Objective Observational studies in preterm infants suggest that systemic hydrocortisone improves pulmonary condition but may also lead to systemic adverse effects. We report the short-term pulmonary and systemic effects of hydrocortisone initiated in the second week.
Design Randomised placebo-controlled trial.
Setting Dutch and Belgian neonatal intensive care units.
Patients Infants born
Intervention Infants were randomly assigned to a 22-day course of systemic hydrocortisone (cumulative dose 72.5 mg/kg; n=182) or placebo (n=190).
Main outcome measures Data on extubation, ventilator settings, glucose levels, and blood pressure were recorded daily and analysed during the first 7 days of treatment using linear mixed-effects models.
Results Infants in the hydrocortisone group (24.3%) failed extubation less often compared with placebo (38.6%, crude risk difference: -14.3% (95% CI: -23.4% to -4.8%)). The estimated difference in daily rate of change between hydrocortisone and placebo was -0.42 cmH(2)O (95% CI: -0.48 to -0.36) for mean airway pressure, -0.02 (95% CI: -0.02 to -0.01) for fraction of inspired oxygen, -0.37 (95% CI: -0.44 to -0.30) for respiratory index, 0.14 mmol/L (95% CI: 0.08 to 0.21) for blood glucose levels and 0.83 mm Hg (95% CI: 0.58 to 1.09) for mean blood pressure.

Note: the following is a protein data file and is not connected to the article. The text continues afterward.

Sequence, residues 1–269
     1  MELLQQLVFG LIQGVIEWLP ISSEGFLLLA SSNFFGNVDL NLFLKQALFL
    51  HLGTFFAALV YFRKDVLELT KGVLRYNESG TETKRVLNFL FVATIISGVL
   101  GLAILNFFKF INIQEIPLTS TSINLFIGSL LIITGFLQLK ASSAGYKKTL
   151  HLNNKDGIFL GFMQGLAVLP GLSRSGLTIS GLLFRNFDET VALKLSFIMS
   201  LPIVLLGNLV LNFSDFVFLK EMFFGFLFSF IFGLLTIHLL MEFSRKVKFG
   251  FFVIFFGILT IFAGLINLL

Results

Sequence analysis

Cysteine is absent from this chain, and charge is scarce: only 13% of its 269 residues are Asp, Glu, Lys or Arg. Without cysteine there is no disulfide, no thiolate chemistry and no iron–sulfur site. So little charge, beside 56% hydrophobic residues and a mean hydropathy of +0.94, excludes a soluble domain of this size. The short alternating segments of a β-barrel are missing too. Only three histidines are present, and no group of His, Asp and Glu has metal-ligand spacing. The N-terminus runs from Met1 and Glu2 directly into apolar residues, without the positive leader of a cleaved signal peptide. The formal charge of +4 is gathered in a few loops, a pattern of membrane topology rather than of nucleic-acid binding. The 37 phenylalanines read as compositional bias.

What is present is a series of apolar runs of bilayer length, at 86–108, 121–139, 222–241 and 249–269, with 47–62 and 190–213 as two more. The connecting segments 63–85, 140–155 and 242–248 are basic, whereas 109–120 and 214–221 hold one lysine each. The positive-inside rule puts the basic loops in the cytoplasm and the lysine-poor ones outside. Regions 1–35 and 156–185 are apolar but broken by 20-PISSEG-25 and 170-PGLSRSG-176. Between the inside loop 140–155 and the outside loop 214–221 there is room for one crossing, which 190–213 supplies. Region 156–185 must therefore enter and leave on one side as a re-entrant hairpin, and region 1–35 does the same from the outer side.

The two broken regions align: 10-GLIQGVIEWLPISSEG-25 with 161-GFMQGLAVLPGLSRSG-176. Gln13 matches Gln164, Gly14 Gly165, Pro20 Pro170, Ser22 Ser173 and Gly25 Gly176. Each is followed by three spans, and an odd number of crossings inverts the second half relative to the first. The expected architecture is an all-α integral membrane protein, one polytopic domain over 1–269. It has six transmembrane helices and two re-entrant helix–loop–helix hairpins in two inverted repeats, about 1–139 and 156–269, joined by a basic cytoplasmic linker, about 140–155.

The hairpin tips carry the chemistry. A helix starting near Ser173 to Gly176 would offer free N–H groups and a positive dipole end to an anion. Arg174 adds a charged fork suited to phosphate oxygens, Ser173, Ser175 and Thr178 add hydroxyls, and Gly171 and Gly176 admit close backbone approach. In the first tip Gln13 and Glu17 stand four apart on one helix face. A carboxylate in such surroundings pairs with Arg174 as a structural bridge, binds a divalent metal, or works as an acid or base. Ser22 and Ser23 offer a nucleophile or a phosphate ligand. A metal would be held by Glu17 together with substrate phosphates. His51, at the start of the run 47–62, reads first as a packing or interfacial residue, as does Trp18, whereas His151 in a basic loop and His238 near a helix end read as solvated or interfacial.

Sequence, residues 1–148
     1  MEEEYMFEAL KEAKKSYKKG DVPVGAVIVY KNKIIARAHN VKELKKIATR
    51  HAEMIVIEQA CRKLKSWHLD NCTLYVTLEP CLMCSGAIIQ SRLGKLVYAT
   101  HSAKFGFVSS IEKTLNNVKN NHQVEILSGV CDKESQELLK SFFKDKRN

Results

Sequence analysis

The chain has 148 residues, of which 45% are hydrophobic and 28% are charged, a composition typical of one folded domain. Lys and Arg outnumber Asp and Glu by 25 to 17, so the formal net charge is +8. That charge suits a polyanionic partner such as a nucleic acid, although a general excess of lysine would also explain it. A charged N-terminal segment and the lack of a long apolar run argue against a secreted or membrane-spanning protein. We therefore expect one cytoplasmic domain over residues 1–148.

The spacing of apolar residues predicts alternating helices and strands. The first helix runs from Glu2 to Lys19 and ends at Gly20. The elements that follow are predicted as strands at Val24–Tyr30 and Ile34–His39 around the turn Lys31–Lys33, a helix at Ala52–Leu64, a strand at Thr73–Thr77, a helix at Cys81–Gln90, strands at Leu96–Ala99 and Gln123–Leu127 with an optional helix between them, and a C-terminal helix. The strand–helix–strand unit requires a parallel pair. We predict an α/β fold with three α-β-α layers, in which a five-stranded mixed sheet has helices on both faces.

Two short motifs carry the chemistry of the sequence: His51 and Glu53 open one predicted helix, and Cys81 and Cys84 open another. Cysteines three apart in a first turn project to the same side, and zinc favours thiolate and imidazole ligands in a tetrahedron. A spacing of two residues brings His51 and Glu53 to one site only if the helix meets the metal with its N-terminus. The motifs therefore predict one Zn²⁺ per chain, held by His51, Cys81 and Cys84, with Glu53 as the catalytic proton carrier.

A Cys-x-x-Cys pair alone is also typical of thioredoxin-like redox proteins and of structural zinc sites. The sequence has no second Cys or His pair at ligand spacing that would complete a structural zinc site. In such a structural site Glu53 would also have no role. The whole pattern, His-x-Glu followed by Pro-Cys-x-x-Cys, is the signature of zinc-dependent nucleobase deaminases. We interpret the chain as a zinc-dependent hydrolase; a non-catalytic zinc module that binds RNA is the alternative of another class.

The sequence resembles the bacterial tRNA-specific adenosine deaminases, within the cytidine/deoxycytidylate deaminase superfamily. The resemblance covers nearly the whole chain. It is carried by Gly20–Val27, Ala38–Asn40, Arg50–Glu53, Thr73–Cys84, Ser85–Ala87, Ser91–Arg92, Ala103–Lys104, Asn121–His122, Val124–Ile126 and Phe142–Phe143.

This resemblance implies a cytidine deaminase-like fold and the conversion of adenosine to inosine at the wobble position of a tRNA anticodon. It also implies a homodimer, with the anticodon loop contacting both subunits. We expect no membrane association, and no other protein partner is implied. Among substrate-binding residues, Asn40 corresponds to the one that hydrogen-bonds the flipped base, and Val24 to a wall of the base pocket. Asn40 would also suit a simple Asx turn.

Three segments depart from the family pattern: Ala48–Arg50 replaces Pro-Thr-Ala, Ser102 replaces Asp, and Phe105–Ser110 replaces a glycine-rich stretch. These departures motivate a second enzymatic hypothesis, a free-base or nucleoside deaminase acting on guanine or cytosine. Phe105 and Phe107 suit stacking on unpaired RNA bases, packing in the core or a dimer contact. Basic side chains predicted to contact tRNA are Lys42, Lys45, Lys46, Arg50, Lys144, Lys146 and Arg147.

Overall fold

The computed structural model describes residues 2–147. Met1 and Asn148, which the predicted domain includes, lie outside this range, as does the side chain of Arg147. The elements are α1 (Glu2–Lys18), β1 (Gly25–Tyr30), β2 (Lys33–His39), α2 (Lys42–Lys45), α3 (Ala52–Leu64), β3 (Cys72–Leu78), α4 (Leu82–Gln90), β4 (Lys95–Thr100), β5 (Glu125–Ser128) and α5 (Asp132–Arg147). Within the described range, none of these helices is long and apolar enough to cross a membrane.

Conclusions Systemic hydrocortisone initiated between 7 and 14 days after birth in ventilated preterm infants improves pulmonary condition, thereby facilitating weaning and extubation from invasive ventilation. The effects of hydrocortisone on blood glucose levels and blood pressure were mild and of limited clinical relevance.
|Number of pages||6|
|Journal||ARCHIVES OF DISEASE IN CHILDHOOD-FETAL AND NEONATAL EDITION|
|Publication status||E-pub ahead of print - 9-May-2022|
- Respiratory Medicine
- LOW-DOSE DEXAMETHASONE
- PREVENT BRONCHOPULMONARY DYSPLASIA
- EARLY ADRENAL INSUFFICIENCY
- CHRONIC LUNG-DISEASE
- WEIGHT INFANTS
- MECHANICAL VENTILATION